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Scientists at the Whitehead Institute for Biomedical Research have identified a spring-like mechanism that is a crucial weapon in the arsenal of the flu virus, enabling it to fuse with human cell membranes. This mechanism, described in the May 21 issue of Cell, represents a new target for antiviral drugs.
Preliminary evidence indicates that the same mechanism also may be important in infection with HIV-the virus that causes AIDS-and in common cellular processes such as the movement of neurotransmitters in the brain.
Dr. Peter S. Kim, a member of the Whitehead Institute and assistant investigator of the Howard Hughes Medical Institute, explains that the common theme in all of these processes is membrane fusion.
In flu, the central core of the virus is surrounded by a protective membrane. Infection begins when the viral membrane binds to the surface of the target cell membrane, causing the target cell membrane to fold inward into a small bubble (called an endosome). The bubble pinches off inside the cell with the virus floating in the middle. Infection is not truly complete, however, until the virus membrane fuses with the bubble membrane, spilling its contents into the body of the cell.
The nature of the fusion process in flu has been a mystery for more than two decades. It has been clear for some time that fusion depends on one particular protein in the viral membrane, called hemagglutinin (HA). In 1985, scientists even identified the region of HA that inserts itself into the "bubble" membrane to initiate fusion. They called this sequence the "fusion peptide."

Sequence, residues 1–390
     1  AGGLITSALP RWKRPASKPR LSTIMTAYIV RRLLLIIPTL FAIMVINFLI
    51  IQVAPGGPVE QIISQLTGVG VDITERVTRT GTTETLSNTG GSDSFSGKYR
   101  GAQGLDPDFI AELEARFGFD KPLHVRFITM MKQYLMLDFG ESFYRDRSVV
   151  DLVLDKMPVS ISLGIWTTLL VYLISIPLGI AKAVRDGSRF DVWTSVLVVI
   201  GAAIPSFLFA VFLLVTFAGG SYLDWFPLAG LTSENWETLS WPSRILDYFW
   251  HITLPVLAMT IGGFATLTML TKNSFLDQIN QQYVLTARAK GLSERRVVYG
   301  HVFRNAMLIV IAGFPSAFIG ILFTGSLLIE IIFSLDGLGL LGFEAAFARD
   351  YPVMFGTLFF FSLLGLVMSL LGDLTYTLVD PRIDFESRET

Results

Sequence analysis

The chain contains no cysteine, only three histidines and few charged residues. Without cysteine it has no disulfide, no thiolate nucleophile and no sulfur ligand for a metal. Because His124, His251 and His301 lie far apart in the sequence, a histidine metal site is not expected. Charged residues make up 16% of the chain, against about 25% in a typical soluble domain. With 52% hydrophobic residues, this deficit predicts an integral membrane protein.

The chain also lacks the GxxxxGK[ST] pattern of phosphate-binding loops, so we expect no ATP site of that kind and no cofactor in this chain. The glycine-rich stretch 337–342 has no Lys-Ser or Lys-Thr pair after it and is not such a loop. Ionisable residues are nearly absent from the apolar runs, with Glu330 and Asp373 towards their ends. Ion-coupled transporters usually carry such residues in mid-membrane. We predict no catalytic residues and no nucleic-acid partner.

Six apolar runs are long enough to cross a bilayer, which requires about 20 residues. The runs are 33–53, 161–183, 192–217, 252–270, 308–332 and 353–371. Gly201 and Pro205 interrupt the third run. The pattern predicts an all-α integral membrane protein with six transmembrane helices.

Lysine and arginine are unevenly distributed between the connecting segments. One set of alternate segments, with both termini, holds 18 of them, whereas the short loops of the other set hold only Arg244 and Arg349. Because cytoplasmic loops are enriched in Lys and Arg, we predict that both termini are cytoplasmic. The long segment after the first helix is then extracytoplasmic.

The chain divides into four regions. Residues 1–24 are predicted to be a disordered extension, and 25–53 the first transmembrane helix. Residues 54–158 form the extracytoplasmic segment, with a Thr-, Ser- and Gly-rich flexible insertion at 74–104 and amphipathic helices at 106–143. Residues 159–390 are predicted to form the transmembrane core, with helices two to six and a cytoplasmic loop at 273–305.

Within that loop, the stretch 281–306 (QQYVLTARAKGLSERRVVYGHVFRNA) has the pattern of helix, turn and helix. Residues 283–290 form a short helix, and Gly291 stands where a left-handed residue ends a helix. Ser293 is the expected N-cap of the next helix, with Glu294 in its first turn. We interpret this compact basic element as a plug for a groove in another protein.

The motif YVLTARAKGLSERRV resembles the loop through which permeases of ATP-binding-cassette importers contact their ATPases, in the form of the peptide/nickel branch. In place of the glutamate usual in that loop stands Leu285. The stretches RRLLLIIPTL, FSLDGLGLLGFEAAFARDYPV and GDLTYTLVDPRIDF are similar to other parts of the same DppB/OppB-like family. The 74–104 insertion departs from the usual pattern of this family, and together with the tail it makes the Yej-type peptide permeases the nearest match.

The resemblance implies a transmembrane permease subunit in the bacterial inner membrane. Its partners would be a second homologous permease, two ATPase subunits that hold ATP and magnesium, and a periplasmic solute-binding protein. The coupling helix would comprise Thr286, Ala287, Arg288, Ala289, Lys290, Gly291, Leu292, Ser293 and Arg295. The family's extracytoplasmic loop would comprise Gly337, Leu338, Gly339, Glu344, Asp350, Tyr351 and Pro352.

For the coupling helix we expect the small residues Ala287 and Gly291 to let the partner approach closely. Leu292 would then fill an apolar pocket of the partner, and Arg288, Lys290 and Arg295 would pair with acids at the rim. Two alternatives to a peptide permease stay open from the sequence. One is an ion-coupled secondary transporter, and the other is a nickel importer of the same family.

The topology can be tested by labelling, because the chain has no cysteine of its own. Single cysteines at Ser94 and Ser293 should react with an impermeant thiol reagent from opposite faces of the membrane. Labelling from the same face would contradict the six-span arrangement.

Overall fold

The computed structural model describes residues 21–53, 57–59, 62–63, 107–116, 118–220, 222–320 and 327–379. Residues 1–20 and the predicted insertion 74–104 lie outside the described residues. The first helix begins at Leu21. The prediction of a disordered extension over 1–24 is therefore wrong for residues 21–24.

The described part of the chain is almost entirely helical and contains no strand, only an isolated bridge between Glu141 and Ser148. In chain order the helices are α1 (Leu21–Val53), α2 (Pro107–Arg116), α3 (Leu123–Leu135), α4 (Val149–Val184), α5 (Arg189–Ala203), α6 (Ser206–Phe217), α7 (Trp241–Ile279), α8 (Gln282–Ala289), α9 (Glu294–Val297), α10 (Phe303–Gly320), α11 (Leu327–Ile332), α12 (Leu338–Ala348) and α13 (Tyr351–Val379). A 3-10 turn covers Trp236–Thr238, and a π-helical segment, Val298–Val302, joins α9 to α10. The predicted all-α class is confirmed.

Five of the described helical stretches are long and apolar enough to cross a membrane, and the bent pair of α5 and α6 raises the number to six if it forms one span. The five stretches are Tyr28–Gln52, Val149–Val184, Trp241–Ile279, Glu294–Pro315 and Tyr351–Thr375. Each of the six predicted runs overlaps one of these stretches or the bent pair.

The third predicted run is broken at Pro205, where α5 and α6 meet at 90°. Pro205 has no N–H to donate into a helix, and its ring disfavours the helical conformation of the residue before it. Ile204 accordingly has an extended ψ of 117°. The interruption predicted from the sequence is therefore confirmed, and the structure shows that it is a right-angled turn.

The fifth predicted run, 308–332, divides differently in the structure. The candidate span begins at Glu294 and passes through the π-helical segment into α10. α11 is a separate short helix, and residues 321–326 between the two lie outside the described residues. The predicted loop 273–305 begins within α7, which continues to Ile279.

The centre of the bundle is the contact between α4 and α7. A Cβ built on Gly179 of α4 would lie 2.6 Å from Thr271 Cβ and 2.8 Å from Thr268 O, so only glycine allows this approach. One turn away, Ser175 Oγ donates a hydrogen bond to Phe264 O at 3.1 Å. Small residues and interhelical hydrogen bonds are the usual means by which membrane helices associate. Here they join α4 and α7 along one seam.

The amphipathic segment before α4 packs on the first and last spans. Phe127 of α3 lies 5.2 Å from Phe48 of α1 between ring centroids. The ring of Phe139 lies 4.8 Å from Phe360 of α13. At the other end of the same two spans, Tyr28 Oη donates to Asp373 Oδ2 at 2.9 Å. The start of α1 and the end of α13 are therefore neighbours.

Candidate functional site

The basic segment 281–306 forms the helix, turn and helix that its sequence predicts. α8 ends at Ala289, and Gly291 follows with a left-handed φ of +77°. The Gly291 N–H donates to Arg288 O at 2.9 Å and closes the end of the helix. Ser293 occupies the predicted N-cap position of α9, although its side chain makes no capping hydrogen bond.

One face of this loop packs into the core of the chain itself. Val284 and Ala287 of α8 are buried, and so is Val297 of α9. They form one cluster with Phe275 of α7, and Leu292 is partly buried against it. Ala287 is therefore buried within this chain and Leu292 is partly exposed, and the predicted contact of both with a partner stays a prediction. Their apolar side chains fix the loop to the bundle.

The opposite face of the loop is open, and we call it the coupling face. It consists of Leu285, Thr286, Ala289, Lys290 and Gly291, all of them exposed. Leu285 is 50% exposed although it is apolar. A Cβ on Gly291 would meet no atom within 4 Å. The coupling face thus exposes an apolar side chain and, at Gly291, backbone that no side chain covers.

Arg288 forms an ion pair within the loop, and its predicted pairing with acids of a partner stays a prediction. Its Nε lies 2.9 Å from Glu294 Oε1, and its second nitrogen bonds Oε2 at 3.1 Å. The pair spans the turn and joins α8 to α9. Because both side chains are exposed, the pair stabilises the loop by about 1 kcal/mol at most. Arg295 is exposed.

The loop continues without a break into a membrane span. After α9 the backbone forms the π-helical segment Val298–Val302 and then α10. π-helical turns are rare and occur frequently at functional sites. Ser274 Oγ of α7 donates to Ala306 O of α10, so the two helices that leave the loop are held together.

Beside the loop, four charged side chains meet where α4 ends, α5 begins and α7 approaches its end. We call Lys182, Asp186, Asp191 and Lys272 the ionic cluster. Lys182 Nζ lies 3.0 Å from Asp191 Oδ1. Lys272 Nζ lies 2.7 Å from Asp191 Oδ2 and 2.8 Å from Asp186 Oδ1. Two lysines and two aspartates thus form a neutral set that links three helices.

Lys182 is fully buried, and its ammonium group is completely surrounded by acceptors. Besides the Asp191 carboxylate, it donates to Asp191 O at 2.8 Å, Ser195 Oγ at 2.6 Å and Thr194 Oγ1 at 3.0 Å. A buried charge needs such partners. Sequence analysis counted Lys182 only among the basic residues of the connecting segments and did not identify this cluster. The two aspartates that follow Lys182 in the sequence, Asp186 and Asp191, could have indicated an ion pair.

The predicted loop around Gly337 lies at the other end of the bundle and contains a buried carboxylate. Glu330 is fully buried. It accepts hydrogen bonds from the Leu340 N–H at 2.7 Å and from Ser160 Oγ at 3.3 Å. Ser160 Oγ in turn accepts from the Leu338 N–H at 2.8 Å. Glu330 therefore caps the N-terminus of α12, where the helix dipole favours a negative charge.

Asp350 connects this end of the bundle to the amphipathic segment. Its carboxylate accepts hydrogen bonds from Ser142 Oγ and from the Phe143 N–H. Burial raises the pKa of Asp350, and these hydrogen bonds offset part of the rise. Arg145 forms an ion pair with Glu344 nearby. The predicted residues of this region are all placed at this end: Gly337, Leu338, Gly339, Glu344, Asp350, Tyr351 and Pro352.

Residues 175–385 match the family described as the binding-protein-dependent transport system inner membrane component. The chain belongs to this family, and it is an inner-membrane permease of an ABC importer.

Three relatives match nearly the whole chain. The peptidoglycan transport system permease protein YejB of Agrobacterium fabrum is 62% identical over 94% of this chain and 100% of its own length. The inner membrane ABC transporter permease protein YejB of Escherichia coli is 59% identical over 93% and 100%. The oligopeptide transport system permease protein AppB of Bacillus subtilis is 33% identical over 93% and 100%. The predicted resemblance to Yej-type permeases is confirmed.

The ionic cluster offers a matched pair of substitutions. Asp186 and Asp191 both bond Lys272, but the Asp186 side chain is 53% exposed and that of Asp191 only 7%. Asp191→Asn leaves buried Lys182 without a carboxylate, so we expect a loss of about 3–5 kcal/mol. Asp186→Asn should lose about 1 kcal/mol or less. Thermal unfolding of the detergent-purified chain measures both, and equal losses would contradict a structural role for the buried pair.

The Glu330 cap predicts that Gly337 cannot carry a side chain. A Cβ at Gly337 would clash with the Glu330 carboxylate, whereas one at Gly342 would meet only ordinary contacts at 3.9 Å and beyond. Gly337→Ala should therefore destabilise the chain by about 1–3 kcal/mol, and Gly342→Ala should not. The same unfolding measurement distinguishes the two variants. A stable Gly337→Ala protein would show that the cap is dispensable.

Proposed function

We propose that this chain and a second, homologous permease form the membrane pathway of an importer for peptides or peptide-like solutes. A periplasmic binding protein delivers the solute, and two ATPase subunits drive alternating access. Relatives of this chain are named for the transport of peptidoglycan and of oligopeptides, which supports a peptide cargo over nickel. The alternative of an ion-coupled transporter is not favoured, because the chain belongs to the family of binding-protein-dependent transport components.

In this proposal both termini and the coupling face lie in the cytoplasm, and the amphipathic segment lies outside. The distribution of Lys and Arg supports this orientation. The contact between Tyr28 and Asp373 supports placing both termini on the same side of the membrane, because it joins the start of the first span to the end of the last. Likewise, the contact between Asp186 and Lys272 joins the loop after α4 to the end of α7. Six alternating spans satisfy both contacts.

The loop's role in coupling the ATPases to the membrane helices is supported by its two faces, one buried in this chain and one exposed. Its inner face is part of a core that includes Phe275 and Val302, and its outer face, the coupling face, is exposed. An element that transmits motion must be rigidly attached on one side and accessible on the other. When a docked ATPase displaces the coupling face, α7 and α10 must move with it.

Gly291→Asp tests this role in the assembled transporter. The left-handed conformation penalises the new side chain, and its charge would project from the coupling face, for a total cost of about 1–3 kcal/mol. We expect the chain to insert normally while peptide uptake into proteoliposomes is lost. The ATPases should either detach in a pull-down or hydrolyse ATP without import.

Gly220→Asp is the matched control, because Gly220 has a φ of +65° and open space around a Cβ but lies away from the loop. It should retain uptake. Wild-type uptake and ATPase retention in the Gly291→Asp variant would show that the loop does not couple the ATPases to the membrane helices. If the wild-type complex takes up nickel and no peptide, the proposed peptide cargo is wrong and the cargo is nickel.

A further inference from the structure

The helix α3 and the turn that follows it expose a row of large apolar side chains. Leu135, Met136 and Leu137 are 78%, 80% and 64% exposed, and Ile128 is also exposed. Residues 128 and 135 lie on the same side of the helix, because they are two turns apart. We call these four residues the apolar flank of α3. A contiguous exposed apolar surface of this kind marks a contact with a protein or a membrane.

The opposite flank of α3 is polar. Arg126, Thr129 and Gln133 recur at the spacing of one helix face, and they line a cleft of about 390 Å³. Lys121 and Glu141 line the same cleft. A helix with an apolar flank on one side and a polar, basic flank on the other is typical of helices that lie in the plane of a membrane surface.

The problem for drug designers and others has been the location of the fusion peptide in the molecule: common sense would dictate that the peptide should be near the top of the large HA molecule, ready to make contact with the target membrane. Instead, structural studies showed it was buried deep inside of HA very close to the viral membrane. Conceptually, understanding fusion was like trying to imagine plugging in a floor lamp with a one-foot cord when the outlet was in the ceiling.
Chavela M. Carr, an MIT graduate student in biology, and Dr. Kim solved the problem by looking at the pattern of protein building blocks (amino acids) in HA-these patterns can provide important clues about the three-dimensional structure of a molecule. In one region of HA, the Whitehead scientists found a surprising discrepancy between the pattern of the amino acid sequence and experimental evidence. They found a pattern commonly associated with a structure called a coiled-coil in a section of the molecule observed to be a long, uncoiled loop.
This observation and subsequent experiments led to the development of a novel model for membrane fusion in flu; the central tenet of the model is a spring-loaded mechanism that launches the fusion peptide to the surface of the virus.
Ms. Carr explained, "The piece of HA that carries the fusion peptide is like a bent spring-as you'd expect with a mechanical spring, tension causes the middle of the spring to uncoil. Two forces seem to hold the spring in the bent position: the fusion peptide itself, which acts as a hook at one end of the spring, and another subunit of the HA molecule that acts as a clamp.